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IF this keeps up, we might even see the dissolution of the army of presidential advisers for having grown irrelevant.
By just reading the papers and listening to radio, the President would discover that he could get an overdose of advice on how to run the government.
In fact, the job of presidential advisers has been made easy by the press. All they have to do is read the papers everyday and copy into memo form much of what is said by opinion writers.
Come to think of it, maybe that might explain the mess in government. Is it possible that presidential advisers are just copying and passing on to the bar the bum advice of the press?
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UNTIL yesterday, Secretary Cuevas was still pressing the rhetorical point that if he was removed for his supposed responsibility in the manner that presidential clemency has been dispensed, should not his resignation be rejected after Zamora took the blame?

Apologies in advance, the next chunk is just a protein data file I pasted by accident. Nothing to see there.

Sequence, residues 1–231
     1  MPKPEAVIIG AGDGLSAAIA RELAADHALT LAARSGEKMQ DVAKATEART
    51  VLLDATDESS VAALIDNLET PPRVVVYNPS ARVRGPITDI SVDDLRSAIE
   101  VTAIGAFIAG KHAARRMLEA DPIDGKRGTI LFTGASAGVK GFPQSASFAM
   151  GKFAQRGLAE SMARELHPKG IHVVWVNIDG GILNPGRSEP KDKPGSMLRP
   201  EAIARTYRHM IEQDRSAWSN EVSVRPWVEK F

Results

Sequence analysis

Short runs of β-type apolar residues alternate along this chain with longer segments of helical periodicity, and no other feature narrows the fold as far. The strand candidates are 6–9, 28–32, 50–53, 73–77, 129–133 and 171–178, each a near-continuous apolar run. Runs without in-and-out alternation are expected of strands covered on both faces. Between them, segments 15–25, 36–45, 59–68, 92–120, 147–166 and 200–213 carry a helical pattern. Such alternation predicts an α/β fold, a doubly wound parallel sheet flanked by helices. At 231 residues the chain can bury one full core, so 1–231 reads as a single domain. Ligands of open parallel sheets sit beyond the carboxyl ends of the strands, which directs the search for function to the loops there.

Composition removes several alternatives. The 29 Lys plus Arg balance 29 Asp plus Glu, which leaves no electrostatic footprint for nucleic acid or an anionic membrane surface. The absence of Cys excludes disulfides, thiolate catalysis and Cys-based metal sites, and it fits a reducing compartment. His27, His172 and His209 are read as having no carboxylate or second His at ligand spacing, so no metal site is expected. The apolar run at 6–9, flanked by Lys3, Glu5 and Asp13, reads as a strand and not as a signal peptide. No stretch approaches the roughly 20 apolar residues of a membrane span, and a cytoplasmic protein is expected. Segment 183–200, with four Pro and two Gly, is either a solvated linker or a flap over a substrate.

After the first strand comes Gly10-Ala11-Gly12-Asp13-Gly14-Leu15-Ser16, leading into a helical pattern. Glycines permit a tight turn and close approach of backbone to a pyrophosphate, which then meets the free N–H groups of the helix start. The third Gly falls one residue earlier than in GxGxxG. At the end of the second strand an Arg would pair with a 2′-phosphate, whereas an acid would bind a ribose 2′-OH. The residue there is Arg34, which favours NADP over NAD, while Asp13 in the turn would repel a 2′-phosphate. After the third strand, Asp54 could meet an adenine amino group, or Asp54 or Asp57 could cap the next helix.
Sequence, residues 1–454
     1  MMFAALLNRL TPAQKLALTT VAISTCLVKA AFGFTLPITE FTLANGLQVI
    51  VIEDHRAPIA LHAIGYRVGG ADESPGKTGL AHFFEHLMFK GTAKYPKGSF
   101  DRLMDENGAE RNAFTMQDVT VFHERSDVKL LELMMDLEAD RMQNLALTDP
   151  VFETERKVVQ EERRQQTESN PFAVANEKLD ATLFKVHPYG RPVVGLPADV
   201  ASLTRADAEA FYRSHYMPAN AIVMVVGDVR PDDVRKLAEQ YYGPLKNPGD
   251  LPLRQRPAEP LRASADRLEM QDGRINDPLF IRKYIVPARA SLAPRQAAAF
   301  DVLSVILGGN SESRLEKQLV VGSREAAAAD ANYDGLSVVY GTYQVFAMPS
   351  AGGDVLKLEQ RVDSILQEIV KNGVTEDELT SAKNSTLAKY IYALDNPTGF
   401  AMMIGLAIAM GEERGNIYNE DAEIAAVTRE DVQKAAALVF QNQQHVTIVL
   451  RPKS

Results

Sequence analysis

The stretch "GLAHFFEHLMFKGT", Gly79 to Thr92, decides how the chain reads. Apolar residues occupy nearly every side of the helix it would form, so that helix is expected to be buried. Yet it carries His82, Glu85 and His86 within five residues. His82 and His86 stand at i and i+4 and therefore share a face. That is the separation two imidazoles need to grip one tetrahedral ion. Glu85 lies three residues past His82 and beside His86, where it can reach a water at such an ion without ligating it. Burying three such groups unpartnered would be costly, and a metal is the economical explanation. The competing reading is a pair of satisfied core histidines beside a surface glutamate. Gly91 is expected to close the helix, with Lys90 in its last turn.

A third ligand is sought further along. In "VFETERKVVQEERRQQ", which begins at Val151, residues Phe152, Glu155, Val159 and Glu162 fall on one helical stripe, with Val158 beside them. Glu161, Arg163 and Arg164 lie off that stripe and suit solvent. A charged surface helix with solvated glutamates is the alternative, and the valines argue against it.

Cuevas is not asking to be put back, although that’s how he sounds to those who do not listen carefully. He is just saying in a roundabout way that he was not removed because of the Manero affair — as Malacañang had wanted the public to believe.
The President’s boys were frantically trying to score pogi points and salvage the sinking ship. Somebody had to be thrown overboard – and Cuevas walked into the deck to be it.
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CUEVAS had rocked the boat and rowed in the opposite direction on many issues, including the cases of presidential cronies. He was, therefore, dispensable. Getting rid of him kunwari on the Manero case was thought to be a neat trick, another case of shooting two birds with one stone.